The Department of Fish and Game is building what will be the largest man-made reef in the United States about a mile from the Santa Monica-Pacific Palisades coastline in Santa Monica Bay.
The 20,000-ton quarry-rock reef, which should be completed within a month, is another in a series of reefs being built by the DFG to improve the inshore fisheries in Southern California.
John Grant, a DFG biologist and artificial reef expert, said the reefs will provide suitable habitat for various species of fish, which should inhabit the area shortly after the rocks are submerged. Shellfish such as lobster, abalone and scallops are expected to show up soon after completion.
Anglers and divers should find improved fishing at the reefs within a week after their completion, Grant said.
Reefs off San Diego and Oceanside have already been completed and three others--off Topanga Canyon, Santa Barbara and Vandenberg Air Force Base near Lompoc--are scheduled for completion before next June.
The artificial reef program will cost slightly more than $1 million. The financing is coming from state funds provided by the Fisheries Restoration Act of 1985 and from federal money derived from a tax on recreational fishing equipment.
A two-day hearing will be held in Sacramento, beginning Oct. 27, to discuss accusations of mismanagement by the DFG.
The hearing will involve charges of favoritism in the awarding of deer tags for a popular hunting zone in Lassen County, and will review the state's "Ranch for Wildlife" program, which allows landowners, who have agreed to animal management plans approved by the DFG, to charge access fees to hunters.
The hearing was requested by Assemblyman Gary Condit (D-Ceres), chairman of the Governmental Organization Committee. Assembly Speaker Willie Brown agreed to it, but said it should be a joint venture with the Water, Parks and Wildlife Committee headed by Assemblyman Jim Costa (D-Fresno).
Also participating in the hearing will be Assemblywoman Doris Allen (R-Westminster), who has charged the state Fish and Game Commission with favoring commercial fishing interests over sport fishermen.
The deer tag issue centers on the X5B zone, where hunters from all over the state apply to hunt. The hunters, who get tags there, are selected by a lottery, and the chances of winning a tag have been estimated at 1 in 16. An aide to Condit said that there are reports that some hunters have received tags for as many as six consecutive years.
Said Condit: "My sources have told me that these 'predetermined XB5 tag recipients' have received XB5 deer tags for as many as six consecutive years, ostensibly through the public drawing process, and that privileged hunters have even bragged to others about their knowledge of receiving a new XB5 tag for the upcoming season prior to the public drawing even being conducted."
Meanwhile, Lt. Gov. Leo McCarthy has asked for an audit of the Ranch for Wildlife program, which the auditor general is conducting. A spokeswoman said it is not expected to be completed until January.
McCarthy said the program has opened up "private hunting seasons for the rich."
Populations of sea birds and harbor porpoise will have permanent protection from gill and trammel nets in areas off the central California coast under the terms of new legislation signed recently by Gov. Deukmejian.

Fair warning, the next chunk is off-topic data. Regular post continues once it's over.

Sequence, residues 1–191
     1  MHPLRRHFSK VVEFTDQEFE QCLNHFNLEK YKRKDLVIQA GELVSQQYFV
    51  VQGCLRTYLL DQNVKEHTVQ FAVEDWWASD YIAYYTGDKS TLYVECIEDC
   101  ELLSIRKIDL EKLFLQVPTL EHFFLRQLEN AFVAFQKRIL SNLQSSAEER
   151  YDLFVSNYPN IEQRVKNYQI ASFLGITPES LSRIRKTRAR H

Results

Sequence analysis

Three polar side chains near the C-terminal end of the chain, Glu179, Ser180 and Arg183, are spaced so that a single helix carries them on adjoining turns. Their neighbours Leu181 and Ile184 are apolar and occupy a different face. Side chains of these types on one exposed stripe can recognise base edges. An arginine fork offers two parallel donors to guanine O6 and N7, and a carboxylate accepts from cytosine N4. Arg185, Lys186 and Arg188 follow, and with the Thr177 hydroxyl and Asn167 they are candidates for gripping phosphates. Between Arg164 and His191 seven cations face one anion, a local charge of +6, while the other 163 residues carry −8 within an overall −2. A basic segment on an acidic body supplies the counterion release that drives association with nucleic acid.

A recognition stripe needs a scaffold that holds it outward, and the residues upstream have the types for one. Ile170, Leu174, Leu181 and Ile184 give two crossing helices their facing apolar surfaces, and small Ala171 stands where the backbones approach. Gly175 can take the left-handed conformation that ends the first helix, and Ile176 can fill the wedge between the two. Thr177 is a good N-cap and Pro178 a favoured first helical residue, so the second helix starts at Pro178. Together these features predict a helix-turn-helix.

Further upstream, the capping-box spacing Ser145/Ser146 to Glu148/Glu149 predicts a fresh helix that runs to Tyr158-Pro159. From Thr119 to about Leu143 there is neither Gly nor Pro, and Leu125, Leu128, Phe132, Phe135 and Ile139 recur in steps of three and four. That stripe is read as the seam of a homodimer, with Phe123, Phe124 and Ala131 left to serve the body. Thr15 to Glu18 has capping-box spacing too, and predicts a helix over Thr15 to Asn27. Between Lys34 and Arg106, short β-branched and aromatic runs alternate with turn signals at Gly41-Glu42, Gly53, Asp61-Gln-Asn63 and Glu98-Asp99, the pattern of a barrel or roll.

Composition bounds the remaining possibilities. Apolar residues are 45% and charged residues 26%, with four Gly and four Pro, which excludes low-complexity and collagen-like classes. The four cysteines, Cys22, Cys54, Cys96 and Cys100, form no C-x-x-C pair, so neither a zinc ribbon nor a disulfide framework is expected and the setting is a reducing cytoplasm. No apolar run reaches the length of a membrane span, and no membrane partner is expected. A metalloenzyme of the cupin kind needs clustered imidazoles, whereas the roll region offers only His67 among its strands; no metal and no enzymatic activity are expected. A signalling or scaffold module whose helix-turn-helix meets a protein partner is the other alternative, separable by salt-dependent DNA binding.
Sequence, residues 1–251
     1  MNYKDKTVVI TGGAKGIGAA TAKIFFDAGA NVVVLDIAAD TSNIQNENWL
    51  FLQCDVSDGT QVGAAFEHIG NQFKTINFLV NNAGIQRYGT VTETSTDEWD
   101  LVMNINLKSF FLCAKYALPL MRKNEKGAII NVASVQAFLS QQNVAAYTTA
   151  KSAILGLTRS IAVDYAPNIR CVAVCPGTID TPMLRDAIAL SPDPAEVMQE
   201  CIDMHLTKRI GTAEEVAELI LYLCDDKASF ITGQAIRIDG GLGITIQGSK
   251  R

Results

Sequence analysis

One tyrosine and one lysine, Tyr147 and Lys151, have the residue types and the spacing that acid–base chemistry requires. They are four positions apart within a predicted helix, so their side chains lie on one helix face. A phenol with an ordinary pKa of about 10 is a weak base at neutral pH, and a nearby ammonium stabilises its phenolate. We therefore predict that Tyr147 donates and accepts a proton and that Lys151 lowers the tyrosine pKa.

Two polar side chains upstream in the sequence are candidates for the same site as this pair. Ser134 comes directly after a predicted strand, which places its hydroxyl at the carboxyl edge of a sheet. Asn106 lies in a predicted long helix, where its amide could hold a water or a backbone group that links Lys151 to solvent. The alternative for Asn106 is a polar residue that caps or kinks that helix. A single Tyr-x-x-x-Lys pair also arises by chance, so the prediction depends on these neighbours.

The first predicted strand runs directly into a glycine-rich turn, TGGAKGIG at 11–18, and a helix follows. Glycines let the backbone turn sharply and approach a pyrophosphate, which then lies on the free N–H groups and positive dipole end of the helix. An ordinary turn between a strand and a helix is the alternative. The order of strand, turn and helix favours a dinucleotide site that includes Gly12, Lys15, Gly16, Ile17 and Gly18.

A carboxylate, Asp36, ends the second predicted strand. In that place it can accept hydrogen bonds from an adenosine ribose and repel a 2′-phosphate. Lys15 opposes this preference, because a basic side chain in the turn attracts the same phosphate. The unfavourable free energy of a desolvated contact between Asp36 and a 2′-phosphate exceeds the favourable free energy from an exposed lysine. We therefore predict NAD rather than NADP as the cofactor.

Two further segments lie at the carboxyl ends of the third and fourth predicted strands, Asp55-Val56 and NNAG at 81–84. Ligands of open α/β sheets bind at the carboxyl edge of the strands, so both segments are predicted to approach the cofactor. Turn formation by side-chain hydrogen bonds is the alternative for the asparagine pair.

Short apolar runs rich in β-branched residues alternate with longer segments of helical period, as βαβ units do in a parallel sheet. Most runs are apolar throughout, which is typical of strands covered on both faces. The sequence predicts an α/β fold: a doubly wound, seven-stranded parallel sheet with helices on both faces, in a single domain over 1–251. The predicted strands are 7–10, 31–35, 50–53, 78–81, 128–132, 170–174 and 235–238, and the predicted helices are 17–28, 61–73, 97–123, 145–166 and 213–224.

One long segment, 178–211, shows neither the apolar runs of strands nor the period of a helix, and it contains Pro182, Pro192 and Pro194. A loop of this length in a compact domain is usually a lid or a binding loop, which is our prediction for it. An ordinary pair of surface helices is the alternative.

The new law expands several existing area closures to the use of such nets by moving them into deeper waters where the birds and porpoises are not commonly found.
The law also makes the closures year-round, but provides measures to aid commercial fishermen in the development of alternative fishing gear to replace the use of gill and trammel nets.
Scientists say one of the first striped marlin ever to be tagged with a sonic transmitter was tracked to waters that were surprisingly deep and cold.
The experiment on the popular billfish is being carried out by biologists of the National Marine Fisheries Service and the DFG.
In September, the DFG tagged three marlin off the Southern California coast.
Striped marlin are found in tropical and temperate waters of the Pacific and Indian oceans. They usually appear off California, as far north as Point Conception, from July to late October.
State biologist Dennis Bedford said one marlin spent considerable time at depths well below the warm surface layer.
"It crossed right through what is known as the thermocline break, a point which occurred at a depth of about 65 feet," he said. "Above the break, temperatures at this time of year are about 70 degrees. Below that depth, temperatures decline rapidly, reaching 50 degrees or colder."
The lower reaches of the Eel River in Humboldt County has been closed to all fishing and lower portions of five other north coast rivers will be closed Nov. 1 if dry weather persists, the DFG announced, adding that fishermen can check the status of the waters by calling a recorded message at (707) 442-9033. . . . John Seaman, co-owner of the Madison River Fishing Co. of Ennis, Mont., will be the guest speaker at the Sespe Flyfishers' meeting Oct. 21 at 7:30 p.m. at the Senior Recreation Center in Ventura. . . . The first of six monthly tours of the Upper Newport Bay Ecological Reserve--a major stop-off point for various migrating birds flying south--will be conducted Saturday, Oct. 24., beginning at 9 a.m.